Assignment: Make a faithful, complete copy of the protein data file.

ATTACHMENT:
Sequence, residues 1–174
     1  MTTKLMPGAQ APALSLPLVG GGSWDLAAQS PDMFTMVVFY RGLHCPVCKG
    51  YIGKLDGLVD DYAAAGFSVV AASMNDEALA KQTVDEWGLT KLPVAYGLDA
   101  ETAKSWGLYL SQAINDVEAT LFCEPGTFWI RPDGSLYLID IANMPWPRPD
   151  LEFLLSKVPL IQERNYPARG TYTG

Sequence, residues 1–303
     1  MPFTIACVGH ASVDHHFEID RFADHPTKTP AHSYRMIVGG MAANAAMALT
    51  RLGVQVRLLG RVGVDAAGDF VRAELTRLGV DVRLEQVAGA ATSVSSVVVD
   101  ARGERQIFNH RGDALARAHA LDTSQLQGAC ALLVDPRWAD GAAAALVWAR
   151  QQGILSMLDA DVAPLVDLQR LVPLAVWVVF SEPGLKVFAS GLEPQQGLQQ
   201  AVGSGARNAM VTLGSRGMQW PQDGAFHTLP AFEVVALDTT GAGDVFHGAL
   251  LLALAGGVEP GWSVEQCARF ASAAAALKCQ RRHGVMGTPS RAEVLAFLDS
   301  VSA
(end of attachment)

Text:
Sequence, residues 1–174
     1  MTTKLMPGAQ APALSLPLVG GGSWDLAAQS PDMFTMVVFY RGLHCPVCKG
    51  YIGKLDGLVD DYAAAGFSVV AASMNDEALA KQTVDEWGLT KLPVAYGLDA
   101  ETAKSWGLYL SQAINDVEAT LFCEPGTFWI RPDGSLYLID IANMPWPRPD
   151  LEFLLSKVPL IQERNYPARG TYTG

Sequence, residues 1–303
     1  MPFTIACVGH ASVDHHFEID RFADHPTKTP AHSYRMIVGG MAANAAMALT
    51  RLGVQVRLLG RVGVDAAGDF VRAELTRLGV DVRLEQVAGA ATSVSSVVVD
   101  ARGERQIFNH RGDALARAHA LDTSQLQGAC ALLVDPRWAD GAAAALVWAR
   151  QQGILSMLDA DVAPLVDLQR LVPLAVWVVF SEPGLKVFAS GLEPQQGLQQ
   201  AVGSGARNAM VTLGSRGMQW PQDGAFHTLP AFEVVALDTT GAGDVFHGAL
   251  LLALAGGVEP GWSVEQCARF ASAAAALKCQ RRHGVMGTPS RAEVLAFLDS
   301  VSA